Vaping vs. Opioids: The crisis we forget about

The opioid crisis is taking the backseat again


Flickr Creative Commons: Vaping360

By Nicole Biagioni, Collegian Columnist

In April 2019, I wrote an article for The Massachusetts Daily Collegian about the opioid crisis. The opioid crisis, I felt, had faded away because it was neither significant nor important based on an overdose that happened in my hometown. Now the opioid crisis has again taken the backseat as a new health crisis has taken the spotlight — vaping.

Vaping is a problem. The death toll has risen to a total of 18 people as of Oct. 3. The lung illness tied to vaping is practically unknown and is affecting over 1,000 people.

Massachusetts Gov. Charlie Baker took vaping seriously and called for a “public health emergency.” Baker declared a four-month temporary ban of the sale of all vaping products. Baker said, “We as a Commonwealth need to pause sales in order for our medical experts to collect more information about what is driving these life-threatening vaping-related illnesses.”

The ban calls for concern as people who vape are forced to look for other methods to curb their cravings for nicotine. Yes, people can go to Vermont, Connecticut, Rhode Island, New Hampshire or even Maine to get their vaping products, but how long is it going to be until those states ban vaping products? Soon people will have to turn to other sources such as cigarettes to fulfill their addiction, which could undo 20 years of anti-smoking campaigns.

Gov. Baker hit the nail on the head regarding vaping and took an aggressive approach to the issue. Yet he is facing repercussions for the ban as vape shop owners are forced to close their shops, which disrupts those people’s incomes and livelihoods. But would the same principles apply for opioids? Should we stop prescribing opioids because we know how addictive the drug is, and start researching a different pain reliever that doesn’t have such side effects?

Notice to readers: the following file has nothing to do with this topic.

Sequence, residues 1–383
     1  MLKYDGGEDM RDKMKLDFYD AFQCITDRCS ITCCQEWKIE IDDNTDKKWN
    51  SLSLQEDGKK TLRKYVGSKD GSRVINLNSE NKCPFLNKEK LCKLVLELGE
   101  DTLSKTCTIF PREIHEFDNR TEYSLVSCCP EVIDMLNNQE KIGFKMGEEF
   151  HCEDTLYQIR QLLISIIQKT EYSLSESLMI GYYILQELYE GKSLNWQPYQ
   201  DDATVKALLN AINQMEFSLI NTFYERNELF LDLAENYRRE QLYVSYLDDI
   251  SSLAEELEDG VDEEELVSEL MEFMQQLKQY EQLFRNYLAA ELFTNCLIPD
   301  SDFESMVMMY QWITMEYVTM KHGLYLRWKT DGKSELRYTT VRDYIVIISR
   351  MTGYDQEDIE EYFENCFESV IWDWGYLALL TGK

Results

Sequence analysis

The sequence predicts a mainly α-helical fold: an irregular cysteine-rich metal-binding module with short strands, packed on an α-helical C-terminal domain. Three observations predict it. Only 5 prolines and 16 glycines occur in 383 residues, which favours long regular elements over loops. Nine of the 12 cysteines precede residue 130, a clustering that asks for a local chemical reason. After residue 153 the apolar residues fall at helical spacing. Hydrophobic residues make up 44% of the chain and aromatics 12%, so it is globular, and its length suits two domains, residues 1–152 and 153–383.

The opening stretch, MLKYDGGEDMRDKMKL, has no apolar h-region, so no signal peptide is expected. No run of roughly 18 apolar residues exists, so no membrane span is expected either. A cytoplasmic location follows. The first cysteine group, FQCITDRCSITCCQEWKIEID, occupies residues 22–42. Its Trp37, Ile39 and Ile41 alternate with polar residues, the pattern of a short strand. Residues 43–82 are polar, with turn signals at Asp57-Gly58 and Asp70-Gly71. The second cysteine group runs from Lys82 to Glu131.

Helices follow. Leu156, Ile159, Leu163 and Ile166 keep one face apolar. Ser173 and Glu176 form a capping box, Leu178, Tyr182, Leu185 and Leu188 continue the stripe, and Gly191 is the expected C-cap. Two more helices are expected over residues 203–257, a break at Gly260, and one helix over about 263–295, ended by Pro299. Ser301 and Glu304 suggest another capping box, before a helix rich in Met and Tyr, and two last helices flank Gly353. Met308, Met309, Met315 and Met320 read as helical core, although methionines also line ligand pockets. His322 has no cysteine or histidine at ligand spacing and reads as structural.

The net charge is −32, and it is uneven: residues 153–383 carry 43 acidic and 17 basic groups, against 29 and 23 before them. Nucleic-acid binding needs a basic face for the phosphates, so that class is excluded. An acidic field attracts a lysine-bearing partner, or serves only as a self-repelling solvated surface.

The opioid crisis is still a looming concern. It doesn’t just go away if you don’t think about it. Nationally, 70,237 people overdosed in 2017, with 47,600 of those deaths related to opioids. Opioid deaths decreased by 4 percent in Massachusetts from 2016 to 2017, but fentanyl, a synthetic pain reliever 50 to 100 times more potent than morphine, has been the silent killer in overdoses.

Furthermore, on Oct. 2, Dr. Joel Smithers was convicted of illegally prescribing 500,000 doses of opioids. Half a million. Let that sink in. Smithers received a 40-year prison sentence for his actions, but just think about the results from overprescribing opioids to the general public. According to The New York Times, Smithers, “prescribed controlled substances to every patient in the Martinsville, Va., practice he opened in August 2015.” People flocked to Smithers, a drug dealer in disguise, to get any sort of opioid.

The real question is, do people care enough to do something? Gov. Baker presented a $110 million plan to fight back against opioid addiction in 2017, while on Sept. 26, the National Institute of Health funded $945 million in research to 41 different states to find better sources for pain relief and help with opioid addiction recovery programs over the course of the 2019 fiscal year. Even the Trump administration is taking charge to combat the opioid crisis. On Sept. 4, the U.S. Department of Health and Human Services announced $1.8 billion in funding to states to continue the fight against the crisis.

If we have to decide whether vaping or opioid addiction is worse, opioids are a clear winner due to the magnitude of the crisis. I am not trying to say the vaping crisis isn’t a valid crisis. It is most certainly a genuine concern. In 2018, there was an uptick in vape usage across the board from eighth graders to college students. In addition, the unknown lung disease striking people across the country is a threat that needs to be better researched to give the public some understanding.

But we cannot sweep the opioid crisis under the rug and forget about it all together. The opioid crisis is a nasty beast that will be hard to defeat in the coming years as the rise of fentanyl usage plagues the United States. We may have won the battle with a slight decrease in opioid-related deaths, but the war is far from over.

Nicole Biagioni is a Collegian columnist and can be reached at [email protected]